February 10, 2011 1 Comment
The next series of Posts will focus on the transformation of Pittsburgh’s skyline over the last 100 years. Volume 1 will discuss the changes in the city and skyline from 1900-1920. Volume 2 will focus on the changes from 1921-1947. Volume 3 will cover Renaissance 1 and changes from 1946-1970. Renaissance 2 completed the city’s transition and Volume 4 will highlight the changes to the skyline from 1971-1989.
Pittsburgh’s topography is what makes the skyline so unique. The characteristic shape of Pittsburgh’s central business district is a triangular tract carved by the confluence of the Allegheny and Monongahela rivers, which form the Ohio River. The Point, Golden Triangle, Three Rivers, and City of Bridges are just some of the names given to Pittsburgh’s skyline.
During this period in Pittsburgh, the skyline took shape and many of the buildings are still prominent in the cityscape. Continuing with earlier building projects, the new wave of buildings were constructed on or near the Grant Street business district. The next generation of skyscrapers started in the late 1920s with the construction of the Grant Building (1928) and the Koppers Building (1929). Quickly following was the Gulf Building (1932) which was located right next to the Koppers Building.
The Grant Building succeeded the First National Bank Building in 1928 as the tallest skyscraper in the city. The title was short-lived after the Gulf Building was completed in 1932. The Gulf Building held the title for over 38 years until the US Steel building was built.
The Koppers Building was built between 1927 and 1929 of Indiana limestone. Located at 436 7th Avenue, Pittsburgh, it is 475 feet tall, with 34 stories of commercial offices. Koppers occupies five floors of the building.
In the Koppers Building, architects Graham, Anderson, Probst & White created one of the best examples of an Art Deco-style building in Pittsburgh. This stepped-back skyscraper is encased in limestone and crowned with a copper chateauesque roof. The lobby provides an excellent example of an elegant and urbane Art Deco interior. The architectural firm was the successor of D.H. Burnham and Company, which designed several Pittsburgh buildings in the Classical and Beaux Arts styles.*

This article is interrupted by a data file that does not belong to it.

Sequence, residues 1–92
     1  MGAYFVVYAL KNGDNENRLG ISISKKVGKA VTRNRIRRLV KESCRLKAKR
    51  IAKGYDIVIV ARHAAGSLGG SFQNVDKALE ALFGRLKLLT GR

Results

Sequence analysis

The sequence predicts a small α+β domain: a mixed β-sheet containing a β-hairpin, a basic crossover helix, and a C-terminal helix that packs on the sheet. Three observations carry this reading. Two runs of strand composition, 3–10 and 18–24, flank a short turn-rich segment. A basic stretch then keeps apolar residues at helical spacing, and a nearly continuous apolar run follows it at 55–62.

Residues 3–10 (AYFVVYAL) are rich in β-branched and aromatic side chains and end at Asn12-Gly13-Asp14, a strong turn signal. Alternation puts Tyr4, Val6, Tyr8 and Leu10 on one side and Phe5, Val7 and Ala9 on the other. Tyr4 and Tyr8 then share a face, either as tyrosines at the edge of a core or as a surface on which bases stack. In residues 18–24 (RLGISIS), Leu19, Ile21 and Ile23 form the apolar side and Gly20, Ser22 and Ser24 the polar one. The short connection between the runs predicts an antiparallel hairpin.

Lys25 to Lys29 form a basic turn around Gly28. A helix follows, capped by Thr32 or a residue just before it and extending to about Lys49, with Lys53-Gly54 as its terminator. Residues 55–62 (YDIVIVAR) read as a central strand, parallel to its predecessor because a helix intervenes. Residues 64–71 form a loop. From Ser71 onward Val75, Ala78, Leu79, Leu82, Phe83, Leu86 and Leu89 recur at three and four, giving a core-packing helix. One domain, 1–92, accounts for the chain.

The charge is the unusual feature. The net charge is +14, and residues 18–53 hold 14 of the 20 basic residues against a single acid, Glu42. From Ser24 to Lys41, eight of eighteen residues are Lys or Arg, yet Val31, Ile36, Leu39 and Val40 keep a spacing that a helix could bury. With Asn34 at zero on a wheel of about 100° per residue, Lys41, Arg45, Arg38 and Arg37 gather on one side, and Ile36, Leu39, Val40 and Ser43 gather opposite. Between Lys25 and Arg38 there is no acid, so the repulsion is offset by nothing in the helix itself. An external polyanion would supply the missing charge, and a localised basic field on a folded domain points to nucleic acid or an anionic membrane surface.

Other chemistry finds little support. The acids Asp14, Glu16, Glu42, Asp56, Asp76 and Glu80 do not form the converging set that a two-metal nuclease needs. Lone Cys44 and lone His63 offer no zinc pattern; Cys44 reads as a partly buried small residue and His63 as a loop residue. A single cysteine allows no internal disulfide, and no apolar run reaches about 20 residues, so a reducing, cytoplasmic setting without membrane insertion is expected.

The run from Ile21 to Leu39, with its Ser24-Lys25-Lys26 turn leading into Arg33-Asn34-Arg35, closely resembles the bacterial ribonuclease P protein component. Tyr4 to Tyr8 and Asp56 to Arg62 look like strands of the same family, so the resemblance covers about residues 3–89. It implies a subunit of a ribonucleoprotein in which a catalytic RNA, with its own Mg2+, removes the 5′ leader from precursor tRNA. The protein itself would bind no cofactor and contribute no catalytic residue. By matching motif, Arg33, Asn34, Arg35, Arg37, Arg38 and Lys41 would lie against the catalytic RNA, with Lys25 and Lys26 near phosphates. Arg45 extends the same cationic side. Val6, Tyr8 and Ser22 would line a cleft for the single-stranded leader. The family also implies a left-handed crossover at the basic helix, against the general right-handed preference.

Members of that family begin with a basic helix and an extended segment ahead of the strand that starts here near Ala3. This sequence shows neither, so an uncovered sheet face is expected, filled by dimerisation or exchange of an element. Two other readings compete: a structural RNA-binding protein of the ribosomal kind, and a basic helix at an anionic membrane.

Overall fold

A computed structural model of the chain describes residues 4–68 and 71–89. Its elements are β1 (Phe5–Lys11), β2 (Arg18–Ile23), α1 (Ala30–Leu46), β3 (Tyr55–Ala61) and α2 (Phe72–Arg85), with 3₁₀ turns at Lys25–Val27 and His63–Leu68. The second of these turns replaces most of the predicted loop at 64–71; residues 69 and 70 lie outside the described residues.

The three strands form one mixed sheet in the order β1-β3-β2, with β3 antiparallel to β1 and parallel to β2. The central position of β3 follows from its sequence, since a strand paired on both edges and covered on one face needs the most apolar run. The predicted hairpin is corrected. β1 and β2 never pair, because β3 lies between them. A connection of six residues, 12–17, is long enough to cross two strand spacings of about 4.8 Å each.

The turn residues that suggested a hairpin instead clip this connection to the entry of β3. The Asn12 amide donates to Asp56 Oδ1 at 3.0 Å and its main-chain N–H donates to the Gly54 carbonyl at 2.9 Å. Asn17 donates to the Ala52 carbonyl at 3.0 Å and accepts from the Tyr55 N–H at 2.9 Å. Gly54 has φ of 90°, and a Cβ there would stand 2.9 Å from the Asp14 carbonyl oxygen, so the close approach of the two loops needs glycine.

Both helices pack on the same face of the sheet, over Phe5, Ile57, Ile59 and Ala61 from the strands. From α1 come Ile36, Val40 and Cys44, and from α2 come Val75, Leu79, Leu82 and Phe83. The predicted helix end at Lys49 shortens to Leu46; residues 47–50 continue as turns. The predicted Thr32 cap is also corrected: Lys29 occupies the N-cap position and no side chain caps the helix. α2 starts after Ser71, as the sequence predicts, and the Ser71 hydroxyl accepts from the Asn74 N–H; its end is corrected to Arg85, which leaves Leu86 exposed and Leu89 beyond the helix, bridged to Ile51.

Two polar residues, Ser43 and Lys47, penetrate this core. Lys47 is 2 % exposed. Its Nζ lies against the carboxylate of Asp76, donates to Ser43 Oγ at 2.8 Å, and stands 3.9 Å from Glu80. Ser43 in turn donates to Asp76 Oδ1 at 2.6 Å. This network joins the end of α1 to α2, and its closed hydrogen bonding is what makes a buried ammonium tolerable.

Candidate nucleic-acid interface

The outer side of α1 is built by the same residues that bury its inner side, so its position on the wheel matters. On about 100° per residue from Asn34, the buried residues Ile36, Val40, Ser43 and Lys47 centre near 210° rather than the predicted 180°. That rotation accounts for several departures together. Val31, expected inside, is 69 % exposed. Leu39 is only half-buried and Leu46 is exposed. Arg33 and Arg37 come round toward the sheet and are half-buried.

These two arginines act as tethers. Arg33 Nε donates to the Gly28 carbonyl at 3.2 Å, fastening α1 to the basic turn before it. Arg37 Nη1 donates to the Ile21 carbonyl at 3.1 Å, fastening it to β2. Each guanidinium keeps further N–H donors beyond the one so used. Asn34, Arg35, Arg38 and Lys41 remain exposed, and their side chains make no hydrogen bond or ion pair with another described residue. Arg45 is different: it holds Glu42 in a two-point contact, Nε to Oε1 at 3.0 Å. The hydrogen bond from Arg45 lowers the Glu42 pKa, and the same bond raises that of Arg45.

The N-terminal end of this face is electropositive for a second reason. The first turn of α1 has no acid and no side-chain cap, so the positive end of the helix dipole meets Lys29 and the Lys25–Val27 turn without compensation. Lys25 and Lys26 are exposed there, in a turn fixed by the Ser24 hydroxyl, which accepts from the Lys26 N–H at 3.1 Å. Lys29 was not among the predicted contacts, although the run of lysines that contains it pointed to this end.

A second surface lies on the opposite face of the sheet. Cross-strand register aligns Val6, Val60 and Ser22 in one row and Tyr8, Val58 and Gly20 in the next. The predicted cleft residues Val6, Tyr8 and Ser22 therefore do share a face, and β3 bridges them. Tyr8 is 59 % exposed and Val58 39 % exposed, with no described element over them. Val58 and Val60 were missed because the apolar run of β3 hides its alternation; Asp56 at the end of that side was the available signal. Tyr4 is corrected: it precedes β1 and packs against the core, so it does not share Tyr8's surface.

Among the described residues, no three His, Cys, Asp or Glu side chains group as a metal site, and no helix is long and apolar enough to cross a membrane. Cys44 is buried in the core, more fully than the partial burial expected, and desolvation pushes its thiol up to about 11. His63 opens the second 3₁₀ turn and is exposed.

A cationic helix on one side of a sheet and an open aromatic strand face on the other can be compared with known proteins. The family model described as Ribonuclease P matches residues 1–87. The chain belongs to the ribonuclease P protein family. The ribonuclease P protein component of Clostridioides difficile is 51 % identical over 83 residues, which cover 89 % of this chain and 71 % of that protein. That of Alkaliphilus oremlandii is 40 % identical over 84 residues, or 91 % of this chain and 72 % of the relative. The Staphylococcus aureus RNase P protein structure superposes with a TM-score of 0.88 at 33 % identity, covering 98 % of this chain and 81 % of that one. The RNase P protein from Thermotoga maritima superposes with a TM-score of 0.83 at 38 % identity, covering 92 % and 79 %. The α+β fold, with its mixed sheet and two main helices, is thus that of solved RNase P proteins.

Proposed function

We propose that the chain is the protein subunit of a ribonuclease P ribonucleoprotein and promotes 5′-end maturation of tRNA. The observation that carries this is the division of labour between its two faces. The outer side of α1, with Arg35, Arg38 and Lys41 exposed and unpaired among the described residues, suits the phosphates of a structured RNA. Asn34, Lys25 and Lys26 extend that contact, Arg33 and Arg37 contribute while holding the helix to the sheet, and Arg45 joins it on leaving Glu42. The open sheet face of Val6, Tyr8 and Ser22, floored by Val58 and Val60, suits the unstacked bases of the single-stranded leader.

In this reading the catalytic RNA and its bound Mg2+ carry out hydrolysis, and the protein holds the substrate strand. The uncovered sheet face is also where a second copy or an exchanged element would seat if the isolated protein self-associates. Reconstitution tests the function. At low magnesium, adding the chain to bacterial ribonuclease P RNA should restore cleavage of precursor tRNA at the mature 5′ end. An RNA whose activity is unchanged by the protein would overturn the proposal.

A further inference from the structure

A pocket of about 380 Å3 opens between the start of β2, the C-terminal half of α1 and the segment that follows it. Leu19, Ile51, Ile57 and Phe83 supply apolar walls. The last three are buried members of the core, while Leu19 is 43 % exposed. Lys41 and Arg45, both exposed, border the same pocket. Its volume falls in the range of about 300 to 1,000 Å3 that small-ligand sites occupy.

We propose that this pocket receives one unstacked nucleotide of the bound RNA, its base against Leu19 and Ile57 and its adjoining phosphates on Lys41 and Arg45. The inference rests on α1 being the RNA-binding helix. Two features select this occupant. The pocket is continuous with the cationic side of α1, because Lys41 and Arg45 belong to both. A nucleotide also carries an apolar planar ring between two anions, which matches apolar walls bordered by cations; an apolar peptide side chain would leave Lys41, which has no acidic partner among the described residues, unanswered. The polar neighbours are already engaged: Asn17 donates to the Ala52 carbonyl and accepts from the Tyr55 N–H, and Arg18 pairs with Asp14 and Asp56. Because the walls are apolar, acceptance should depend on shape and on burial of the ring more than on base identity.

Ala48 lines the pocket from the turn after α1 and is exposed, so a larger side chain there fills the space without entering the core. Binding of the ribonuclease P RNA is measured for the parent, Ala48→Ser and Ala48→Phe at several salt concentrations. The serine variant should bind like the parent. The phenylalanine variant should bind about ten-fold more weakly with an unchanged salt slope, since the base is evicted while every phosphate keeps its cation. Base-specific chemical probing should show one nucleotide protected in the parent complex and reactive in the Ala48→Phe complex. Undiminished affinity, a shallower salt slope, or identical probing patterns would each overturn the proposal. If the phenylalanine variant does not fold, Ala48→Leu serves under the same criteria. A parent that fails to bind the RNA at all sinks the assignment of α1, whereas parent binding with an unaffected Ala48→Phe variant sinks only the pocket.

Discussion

* Koppers Building information obtained from the following website – http://www.koppers.com/htm/OurCo_Heri_Build.html
When it was built-in 1928, the Grant Building was the tallest and most prestigious building in the City of Pittsburgh. It is on Grant Street’s premier business location, adjacent to the City-County Building and Allegheny County Courthouse.
Renowned architect Henry Hornbostel, pictured right, created a building in the classic Beaux Arts style to compete with the great high rises of the early twentieth century. Developers spared no expense, cladding the building in Swedish Granite at its base and topping the building with a flamboyant neon tower that spells out P-I-T-T-S-B-U-R-G-H in Morse Code. Like the Empire State Building, the Grant Building with its mast helped aviators to locate their way. Both buildings became iconic symbols of their cities.
The list of tenants occupying the Grant Building through the years reads like a Who’s Who of successful power brokers. Today the building houses respected attorneys, judges, and financiers. McKnight Realty Partners has undertaken an ambitious restoration of the Grant Building to align the Class A building with their signature project, Heinz 57 Center.
The collection has a number of photographs of the interior and exterior of the Grant Building – http://bradystewartphoto.photoshelter.com/gallery/Buildings-Architecture-of-Pittsburgh/G0000TiSQpG_VGoQ/1
Information on the Grant Building was obtained from this website – http://www.thegrantbuilding.com/content/history/
Prior to the late 1970s, the entire multistory “step-pyramid/mausoleum” structure at the top of the building was neon-illuminated, changing colors to provide a weather forecast that could be seen for many miles.
Subsequently, however, the weather forecasting role has been limited to the weather beacon at the pinnacle of the pyramid, which glows blue for precipitation and red for fair weather.
Major construction projects around the city were far and few between during the Depression era (1932-1938) and also during World War II (1941-1945). After the war, government and civic leaders worked together to create a blueprint for the next era in the city’s evolution called Renaissance 1.
If you are interested in downloading an image or to purchase a print, please contact Brady Stewart Studio by phone (724.554.9813) or email firstname.lastname@example.org. Additional Images can be viewed at http://bradystewartphoto.photoshelter.com/gallery-list.